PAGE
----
The rest is silence

Performers at 'Cage Against the Machine' recording. Image:

Performers at ‘Cage Against the Machine’ recording. Image: mixmag.n

First, as a group primarily consisting of Edinburgh University students, it behoves us to write something about yesterday’s events. Is there anybody out there who can put it more articulately than I? In the meantime, one-time OE contributor Mike Williamson and pals have a good line. Oh, and I feel it’s time to apologise for  this, which I wrote way back in May. It was one of those caught-up-in-the-moment type things.

As our actions to express opposition to policy we see as damaging (or to make politicians stick to their pledges) becomes increasingly frustrated at every turn, we might start to see more movements like this year’s Cage Against the Machine. This is not intended as a criticism. The campaign, which has been steadily gathering press attention over the recent weeks, has been a spot of darkness in a broadly dark six months. There is the very real sense that, once again, mass disapproval of Simon Cowell’s musical monopoly could result in something remarkable playing out Radio 1’s Christmas chart run-down. Last year’s effort – Rage Against the Machine’s adolescent shout-fest – was good, but somewhat crude. 4 minutes and 33 seconds of silence at the top of one of the most listened-to radio slots of the year would show that this protest movement had come of age.

It would also be pure Fluxus. A group which flourished when hi-jacking capitalist structures through performance and the mass production and dissemination of objects and texts (while searching for examples to show I came across this delicious irony); Fluxus (with whom John Cage was of course intimately bound up) delighted in drifting as close as possible to the types of relationships, based around reification and consumption, by which capitalism survives while maintaining a critical edge. So, as will happen many, many times this Christmas, supporters of the CATM campaign will be led to buy something they don’t necessarily want, but the potential outcome will be very, very critical indeed.

Already people are latching on to the idea that silence is powerful – see the CATM blog for details on Royal British Legion spokesperson Liam Maguire’s own hi-jacking. I suppose the whole p0int about silence – and one of the formal quirks of Cage’s ‘4’33’ – is that it is a void onto which we all project our own reflections. This Christmas, to complement the noise that will continue to be made about the coalition’s ruling on tuition fees, we have a chance to make a very high-profile bit of silence stand for a growing dissatisfaction with things as they stand.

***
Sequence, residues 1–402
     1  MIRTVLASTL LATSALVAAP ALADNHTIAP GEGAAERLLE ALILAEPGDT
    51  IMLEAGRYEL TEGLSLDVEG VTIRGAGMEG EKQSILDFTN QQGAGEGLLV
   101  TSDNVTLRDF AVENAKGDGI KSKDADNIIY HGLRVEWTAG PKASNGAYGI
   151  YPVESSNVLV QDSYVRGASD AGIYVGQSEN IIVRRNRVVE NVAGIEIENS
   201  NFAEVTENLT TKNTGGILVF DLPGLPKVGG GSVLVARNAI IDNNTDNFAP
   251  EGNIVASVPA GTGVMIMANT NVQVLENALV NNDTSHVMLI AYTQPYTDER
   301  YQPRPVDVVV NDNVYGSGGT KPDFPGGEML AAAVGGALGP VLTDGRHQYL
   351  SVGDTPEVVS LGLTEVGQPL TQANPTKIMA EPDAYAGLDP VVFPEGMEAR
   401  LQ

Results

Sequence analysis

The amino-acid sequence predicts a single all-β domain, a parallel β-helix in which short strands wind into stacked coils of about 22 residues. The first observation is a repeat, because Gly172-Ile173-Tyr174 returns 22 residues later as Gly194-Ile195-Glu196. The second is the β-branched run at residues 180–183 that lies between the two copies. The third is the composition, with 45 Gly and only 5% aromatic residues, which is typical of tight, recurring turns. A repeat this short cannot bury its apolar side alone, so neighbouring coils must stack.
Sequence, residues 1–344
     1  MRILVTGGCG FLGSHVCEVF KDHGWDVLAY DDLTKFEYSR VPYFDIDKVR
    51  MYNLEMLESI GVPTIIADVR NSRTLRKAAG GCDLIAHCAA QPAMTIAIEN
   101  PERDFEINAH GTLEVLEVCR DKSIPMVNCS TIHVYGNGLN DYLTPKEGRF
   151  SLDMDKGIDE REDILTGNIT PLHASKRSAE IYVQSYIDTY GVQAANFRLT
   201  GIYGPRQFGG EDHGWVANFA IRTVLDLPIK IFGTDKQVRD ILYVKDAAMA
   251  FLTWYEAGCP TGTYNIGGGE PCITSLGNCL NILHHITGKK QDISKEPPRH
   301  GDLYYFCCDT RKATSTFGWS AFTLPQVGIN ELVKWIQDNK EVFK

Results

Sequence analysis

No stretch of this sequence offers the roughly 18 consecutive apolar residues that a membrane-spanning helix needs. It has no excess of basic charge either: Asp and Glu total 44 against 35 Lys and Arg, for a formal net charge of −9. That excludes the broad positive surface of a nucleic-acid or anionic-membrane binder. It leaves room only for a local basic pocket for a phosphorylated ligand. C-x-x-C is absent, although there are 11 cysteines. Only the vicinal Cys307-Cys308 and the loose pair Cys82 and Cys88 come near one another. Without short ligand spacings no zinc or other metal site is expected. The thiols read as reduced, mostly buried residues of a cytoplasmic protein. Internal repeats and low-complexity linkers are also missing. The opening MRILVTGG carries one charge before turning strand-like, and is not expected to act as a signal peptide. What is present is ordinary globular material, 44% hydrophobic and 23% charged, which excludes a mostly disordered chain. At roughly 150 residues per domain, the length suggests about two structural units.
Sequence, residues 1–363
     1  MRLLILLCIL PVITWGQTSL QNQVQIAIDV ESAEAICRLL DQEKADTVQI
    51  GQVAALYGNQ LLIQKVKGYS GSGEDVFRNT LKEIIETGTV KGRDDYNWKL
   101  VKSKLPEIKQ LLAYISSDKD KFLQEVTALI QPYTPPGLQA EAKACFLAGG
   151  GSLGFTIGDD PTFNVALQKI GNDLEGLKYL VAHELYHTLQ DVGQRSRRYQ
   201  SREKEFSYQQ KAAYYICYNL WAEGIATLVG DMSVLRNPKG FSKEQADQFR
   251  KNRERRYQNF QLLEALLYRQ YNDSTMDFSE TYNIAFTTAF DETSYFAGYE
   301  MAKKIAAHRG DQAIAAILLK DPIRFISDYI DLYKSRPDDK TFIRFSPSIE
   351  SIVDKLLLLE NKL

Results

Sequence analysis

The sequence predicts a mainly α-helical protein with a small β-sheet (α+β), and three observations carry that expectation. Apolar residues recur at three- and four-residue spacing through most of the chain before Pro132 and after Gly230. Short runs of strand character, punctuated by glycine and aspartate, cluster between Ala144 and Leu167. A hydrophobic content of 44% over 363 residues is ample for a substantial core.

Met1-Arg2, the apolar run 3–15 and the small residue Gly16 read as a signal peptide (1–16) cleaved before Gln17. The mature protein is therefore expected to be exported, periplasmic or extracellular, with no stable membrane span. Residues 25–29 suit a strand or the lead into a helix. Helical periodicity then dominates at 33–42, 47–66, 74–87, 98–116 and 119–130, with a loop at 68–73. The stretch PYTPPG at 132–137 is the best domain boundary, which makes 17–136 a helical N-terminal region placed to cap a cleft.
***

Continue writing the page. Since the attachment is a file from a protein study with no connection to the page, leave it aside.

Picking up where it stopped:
By Luke Healey

You can sign up here to receive a chart-eligible link to ‘4’33’ on Monday 13th. All proceeds will go to charity.


2 responses to “The rest is silence

  1. In the spirit of the frustrated LRB letter-writer that I am, I’d just like to point out that Cage’s 4:33 isn’t actually about silence.

    The three ‘tacet’ movements of the work were intended by Cage to provide conceptual frames for whatever random noises occurred during them. Cage was fascinated with what might be happening in the ‘silences’ between the notes of Western music – the sounds which were not organised by the composer – and how they might be turned into a composition. 4’33” is not a Dadaist prank, and silence was absolutely not what Cage intended us to hear when the work is performed.

    (indeed, in the very spirit of the frustrated LRB letter writer the above comment is composed mainly of a real letter sent to the LRB.)

    Also, any protest movement that doesn’t follow in the footsteps of the NUS’s pathetic candle-lit vigil has my backing.

    And yes, I am gutted that I’m away in Germany and not able to join in the fun of storming the Winter Palace. My comrades seem to be doing a good job without me… Finally, the image of Charles and Camilla looking terrified in their car is definitely going to be favourite image of 2010.

    (Link to the LRB article:

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